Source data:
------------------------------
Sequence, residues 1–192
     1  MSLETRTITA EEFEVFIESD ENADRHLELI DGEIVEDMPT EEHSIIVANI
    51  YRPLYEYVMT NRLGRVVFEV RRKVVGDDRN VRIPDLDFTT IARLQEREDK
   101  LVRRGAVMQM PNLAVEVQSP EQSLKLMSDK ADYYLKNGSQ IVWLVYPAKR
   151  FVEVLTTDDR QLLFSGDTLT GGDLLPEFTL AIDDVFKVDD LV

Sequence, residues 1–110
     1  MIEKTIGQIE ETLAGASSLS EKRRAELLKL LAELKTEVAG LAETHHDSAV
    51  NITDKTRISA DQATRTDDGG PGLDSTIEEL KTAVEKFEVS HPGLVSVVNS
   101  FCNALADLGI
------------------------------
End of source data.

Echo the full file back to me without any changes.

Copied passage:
Sequence, residues 1–192
     1  MSLETRTITA EEFEVFIESD ENADRHLELI DGEIVEDMPT EEHSIIVANI
    51  YRPLYEYVMT NRLGRVVFEV RRKVVGDDRN VRIPDLDFTT IARLQEREDK
   101  LVRRGAVMQM PNLAVEVQSP EQSLKLMSDK ADYYLKNGSQ IVWLVYPAKR
   151  FVEVLTTDDR QLLFSGDTLT GGDLLPEFTL AIDDVFKVDD LV

Sequence, residues 1–110
     1  MIEKTIGQIE ETLAGASSLS EKRRAELLKL LAELKTEVAG LAETHHDSAV
    51  NITDKTRISA DQATRTDDGG PGLDSTIEEL KTAVEKFEVS HPGLVSVVNS
   101  FCNALADLGI